COALING, Ala. (AP) — The town of Coaling hosted a ceremony the morning of Nov. 12 to dedicate a monument honoring two native sons who died in the 1941 attack on Pearl Harbor.
Woodrow Jones, 22, and Daniel Jones, 19, of Coaling enlisted in the Navy in early 1941 and were assigned to the USS Arizona at the Pearl Harbor Navy Base in Oahu, Hawaii.
On Dec. 7, 1941, the Japanese launched a surprise aerial attack on Pearl Harbor, killing 2,403 U.S. service members and 68 civilians. More than half of those killed in the attack were aboard the USS Arizona, including Woodrow and Daniel Jones.
Jamie Jones, one of several relatives of the Jones brothers in attendance at the ceremony, thanked the town of Coaling for dedicating the monument to her great-uncles.
“This monument will stand strong for years and years to come, reminding us and our loved ones how blessed we are to have soldiers, so we can have the life that the Lord intended us to have,” Jamie Jones said.
The USS Arizona was sunk during the Pearl Harbor attack and the Jones brothers’ bodies were never recovered.
President Franklin D. Roosevelt declared Dec. 7, 1941, as “a date which will live in infamy” and the attack led to the U.S. entry into World War II.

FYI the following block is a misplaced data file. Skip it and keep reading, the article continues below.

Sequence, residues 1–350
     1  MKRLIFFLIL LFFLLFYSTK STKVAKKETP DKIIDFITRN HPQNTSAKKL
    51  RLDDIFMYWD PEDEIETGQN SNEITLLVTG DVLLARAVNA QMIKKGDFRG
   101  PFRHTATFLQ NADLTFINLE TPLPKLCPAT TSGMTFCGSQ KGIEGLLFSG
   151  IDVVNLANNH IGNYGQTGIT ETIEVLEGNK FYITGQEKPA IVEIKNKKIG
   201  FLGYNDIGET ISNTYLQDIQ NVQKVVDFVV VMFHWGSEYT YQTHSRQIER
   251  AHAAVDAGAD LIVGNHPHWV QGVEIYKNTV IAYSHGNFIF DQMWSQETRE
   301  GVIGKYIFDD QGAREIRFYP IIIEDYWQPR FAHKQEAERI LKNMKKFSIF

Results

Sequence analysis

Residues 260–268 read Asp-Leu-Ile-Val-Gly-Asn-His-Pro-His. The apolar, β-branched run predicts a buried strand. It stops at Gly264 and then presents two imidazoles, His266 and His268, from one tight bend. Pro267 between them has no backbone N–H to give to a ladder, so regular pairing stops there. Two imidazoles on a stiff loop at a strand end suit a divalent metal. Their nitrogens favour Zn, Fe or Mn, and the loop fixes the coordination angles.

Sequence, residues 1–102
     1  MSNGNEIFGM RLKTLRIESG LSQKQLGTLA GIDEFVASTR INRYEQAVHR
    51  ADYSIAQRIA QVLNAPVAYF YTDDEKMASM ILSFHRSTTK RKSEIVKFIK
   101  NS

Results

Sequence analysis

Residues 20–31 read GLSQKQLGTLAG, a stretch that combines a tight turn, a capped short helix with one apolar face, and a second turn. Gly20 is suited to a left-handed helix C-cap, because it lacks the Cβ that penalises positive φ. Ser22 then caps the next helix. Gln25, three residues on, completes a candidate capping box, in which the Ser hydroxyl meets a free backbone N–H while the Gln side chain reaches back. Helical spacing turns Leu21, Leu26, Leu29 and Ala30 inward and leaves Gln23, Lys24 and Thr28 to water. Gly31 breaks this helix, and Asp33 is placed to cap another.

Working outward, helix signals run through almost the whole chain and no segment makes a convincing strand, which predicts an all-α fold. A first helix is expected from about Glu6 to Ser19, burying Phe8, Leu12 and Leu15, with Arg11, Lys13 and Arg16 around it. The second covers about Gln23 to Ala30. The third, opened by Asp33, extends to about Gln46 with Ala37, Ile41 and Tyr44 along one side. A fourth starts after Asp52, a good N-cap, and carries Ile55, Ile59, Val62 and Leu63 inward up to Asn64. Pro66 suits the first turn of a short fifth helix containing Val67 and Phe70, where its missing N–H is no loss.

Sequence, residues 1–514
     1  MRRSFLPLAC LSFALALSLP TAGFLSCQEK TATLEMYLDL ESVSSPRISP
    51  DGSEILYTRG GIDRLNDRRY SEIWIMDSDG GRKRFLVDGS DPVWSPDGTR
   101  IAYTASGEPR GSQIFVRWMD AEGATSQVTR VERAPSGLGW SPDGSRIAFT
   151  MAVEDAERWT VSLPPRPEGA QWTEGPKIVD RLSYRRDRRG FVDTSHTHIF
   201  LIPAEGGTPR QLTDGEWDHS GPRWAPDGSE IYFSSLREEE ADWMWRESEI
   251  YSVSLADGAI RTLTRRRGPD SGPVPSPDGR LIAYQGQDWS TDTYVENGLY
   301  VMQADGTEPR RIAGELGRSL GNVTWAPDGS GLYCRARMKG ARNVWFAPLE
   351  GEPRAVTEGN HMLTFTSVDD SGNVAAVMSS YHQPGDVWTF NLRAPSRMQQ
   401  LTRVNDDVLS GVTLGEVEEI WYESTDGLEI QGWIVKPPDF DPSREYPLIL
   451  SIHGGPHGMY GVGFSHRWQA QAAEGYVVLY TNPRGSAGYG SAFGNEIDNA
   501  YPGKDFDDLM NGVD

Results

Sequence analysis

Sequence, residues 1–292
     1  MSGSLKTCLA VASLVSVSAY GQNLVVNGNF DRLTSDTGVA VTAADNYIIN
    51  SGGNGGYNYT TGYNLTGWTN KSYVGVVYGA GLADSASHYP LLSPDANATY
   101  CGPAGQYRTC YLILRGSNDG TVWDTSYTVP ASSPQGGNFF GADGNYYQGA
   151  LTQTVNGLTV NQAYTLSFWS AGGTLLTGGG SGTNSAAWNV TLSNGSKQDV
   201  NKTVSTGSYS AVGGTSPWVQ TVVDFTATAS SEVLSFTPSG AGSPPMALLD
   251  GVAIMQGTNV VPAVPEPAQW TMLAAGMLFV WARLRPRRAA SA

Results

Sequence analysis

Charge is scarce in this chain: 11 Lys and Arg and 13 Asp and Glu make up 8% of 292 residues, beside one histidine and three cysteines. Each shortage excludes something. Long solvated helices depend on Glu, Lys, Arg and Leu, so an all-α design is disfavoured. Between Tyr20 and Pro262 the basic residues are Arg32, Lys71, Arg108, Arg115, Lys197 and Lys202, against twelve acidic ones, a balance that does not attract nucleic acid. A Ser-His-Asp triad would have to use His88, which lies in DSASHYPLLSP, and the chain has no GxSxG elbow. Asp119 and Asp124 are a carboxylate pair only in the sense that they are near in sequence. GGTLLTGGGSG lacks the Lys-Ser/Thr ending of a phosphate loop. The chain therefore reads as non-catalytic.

The ceremony took place at Coaling’s town hall a day after the nationwide celebration of Veterans Day. Nicolas Britto, a retired Army lieutenant colonel, hosted the ceremony with town officials, local veterans and descendants of the Jones brothers.
Coaling Mayor Gary Averett said the dedication ceremony was special to him and the entire town.
“Our town has a lot of veterans located in it. We’re pretty much a family type community. And so things like this mean a lot to the people here,” Averett said.
Averett, who is a retired master sergeant in the Army Reserve, said he has known the Jones family all of his life and they attend the same church in Coaling.
Although the Jones brothers died long before most of their surviving family were born, the family says they keep the memory of Woodrow and Daniel alive through sharing the story of their military service and what that service meant to the country.
Brookwood High School faculty and students also participated in the ceremony, with contributions from the school’s Junior ROTC and a performance by the school’s choir.
Brookwood High Principal Kelly Hubbard said the event was a great learning opportunity for her students, while also providing an opportunity for students to show off their talents. Hubbard added that she wanted her students to learn about people in the community and those who have served their country.